Digital tax transformation: disruptor and enabler

Having long been regarded as essential but rarely at the cutting edge of new technology, tax departments and tax authorities are suddenly undergoing enormous change as digital technology revolutionises the way they operate.

Digital technology in tax is rapidly moving up the boardroom agenda as it affects organisations both internally and externally. As businesses become more digital, governments and tax authorities are having to change the way they collect taxes. As the tax authorities themselves also adopt disruptive technology, including advanced data-driven auditing techniques, they’re forcing organisations to respond.

Meanwhile, organisations’ finance and tax functions are using recent advances in technology to improve management of their tax affairs and obligations. They’re taking advantage of robotics process automation and machine-learning applications to improve greatly the accuracy and efficiency of their accounting and tax compliance activity, while at the same time achieving a significant reduction in costs. Leading organisations are also extending their big data strategies to the world of tax, using real-time analytics to understand both their global tax position and how they manage their tax risk more effectively.

The speed of change is accelerating, particularly as tax authorities adopt disruptive technology, so it is imperative that businesses are in a position to respond

“We’ve seen an explosion of new technology over the last six to twelve months alone,” says Tim Steel, UK and Ireland tax markets leader at EY, a global leader in assurance, tax, transaction and advisory services. “Digital transformation in tax is moving up the boardroom agenda rapidly because it’s no longer an option – companies need to get ready for it now. As well as technology, another big driver for boards is cost. Organisations are under cost pressure and the use of these disruptive technologies is a great way to drive down costs.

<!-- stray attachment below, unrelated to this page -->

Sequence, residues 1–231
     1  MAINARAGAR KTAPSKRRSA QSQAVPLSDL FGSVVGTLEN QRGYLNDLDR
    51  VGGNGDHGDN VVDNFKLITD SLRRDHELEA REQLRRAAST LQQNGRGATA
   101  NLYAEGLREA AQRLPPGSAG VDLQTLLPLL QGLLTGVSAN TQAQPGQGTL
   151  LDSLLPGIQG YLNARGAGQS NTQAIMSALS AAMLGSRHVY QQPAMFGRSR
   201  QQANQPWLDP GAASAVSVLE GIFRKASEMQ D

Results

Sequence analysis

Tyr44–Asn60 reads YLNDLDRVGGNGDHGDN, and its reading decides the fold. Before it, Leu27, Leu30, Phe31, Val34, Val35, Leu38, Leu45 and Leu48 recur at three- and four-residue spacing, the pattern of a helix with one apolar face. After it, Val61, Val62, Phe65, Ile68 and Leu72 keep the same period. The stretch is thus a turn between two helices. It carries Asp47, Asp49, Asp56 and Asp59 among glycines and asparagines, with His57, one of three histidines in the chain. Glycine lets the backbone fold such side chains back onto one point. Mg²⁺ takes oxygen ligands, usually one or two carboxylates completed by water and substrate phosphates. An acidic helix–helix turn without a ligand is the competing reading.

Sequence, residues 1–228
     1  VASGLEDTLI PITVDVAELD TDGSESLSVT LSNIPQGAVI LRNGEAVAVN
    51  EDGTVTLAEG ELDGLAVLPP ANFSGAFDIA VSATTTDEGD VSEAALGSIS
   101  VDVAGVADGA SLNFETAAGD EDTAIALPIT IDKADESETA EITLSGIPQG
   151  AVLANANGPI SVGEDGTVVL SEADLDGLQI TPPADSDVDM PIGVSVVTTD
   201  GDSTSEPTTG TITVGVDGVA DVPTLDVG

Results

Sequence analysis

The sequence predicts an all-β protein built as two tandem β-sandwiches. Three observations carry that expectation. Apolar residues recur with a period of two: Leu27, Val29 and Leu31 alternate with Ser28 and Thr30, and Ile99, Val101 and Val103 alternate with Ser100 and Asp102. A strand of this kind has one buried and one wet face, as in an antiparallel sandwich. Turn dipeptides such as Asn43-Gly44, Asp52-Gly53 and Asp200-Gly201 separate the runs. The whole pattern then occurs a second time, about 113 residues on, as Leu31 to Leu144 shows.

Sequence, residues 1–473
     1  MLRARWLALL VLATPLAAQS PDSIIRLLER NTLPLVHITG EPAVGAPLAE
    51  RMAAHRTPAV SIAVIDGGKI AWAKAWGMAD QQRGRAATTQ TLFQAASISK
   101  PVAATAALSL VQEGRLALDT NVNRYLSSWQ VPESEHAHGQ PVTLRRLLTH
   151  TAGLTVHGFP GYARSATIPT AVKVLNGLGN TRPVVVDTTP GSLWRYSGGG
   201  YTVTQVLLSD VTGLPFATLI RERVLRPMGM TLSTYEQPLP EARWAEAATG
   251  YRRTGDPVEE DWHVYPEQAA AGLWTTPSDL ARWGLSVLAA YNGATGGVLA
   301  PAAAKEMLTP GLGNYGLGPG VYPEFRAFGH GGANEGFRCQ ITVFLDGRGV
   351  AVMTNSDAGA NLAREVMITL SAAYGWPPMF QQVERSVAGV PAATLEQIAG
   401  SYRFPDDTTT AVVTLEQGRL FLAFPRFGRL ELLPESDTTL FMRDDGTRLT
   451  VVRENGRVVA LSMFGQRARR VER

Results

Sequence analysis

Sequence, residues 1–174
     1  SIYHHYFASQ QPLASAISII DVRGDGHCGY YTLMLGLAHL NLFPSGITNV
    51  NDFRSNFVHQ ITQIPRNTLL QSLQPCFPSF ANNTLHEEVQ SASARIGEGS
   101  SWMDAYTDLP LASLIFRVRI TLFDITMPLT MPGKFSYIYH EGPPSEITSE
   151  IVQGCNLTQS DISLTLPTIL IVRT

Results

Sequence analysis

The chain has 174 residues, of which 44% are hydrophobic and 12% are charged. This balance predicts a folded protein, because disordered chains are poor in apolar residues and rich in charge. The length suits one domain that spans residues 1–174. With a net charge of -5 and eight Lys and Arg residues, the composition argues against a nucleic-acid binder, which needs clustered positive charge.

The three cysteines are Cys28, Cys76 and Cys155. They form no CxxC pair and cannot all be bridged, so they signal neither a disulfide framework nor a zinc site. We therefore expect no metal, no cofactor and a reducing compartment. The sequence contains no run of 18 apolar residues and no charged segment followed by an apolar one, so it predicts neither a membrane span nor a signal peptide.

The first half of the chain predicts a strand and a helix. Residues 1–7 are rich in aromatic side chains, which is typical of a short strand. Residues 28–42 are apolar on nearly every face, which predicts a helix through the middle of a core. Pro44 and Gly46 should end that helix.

“In the past, tax has often seemed to lag behind other areas of the finance function, so tax professionals need to ensure that their department keeps pace. They also need to get ready because of the digital transformation of tax administrations worldwide.”

Tax authorities around the world are investing in new technology and developing new capabilities that allow them to look at taxpayer data in a new way. This presents a challenge for corporate taxpayers since authorities now demand more data and they want it quicker than ever.

“There’s a move towards real-time reporting,” says Charles Brayne, UK and Ireland digital tax leader at EY. “A growing number of tax authorities are moving away from periodic, summarised filings in favour of much more extensive data requests. If, as an organisation, you can’t satisfy these increased demands by the authorities, you’re more and more likely to be subject to investigations and possible fines.”

Financial services as a sector has been at the sharp end, driven by the demand for increased transparency and reporting responsibilities. Banks and other financial institutions in particular have been forced to invest in their digital capabilities.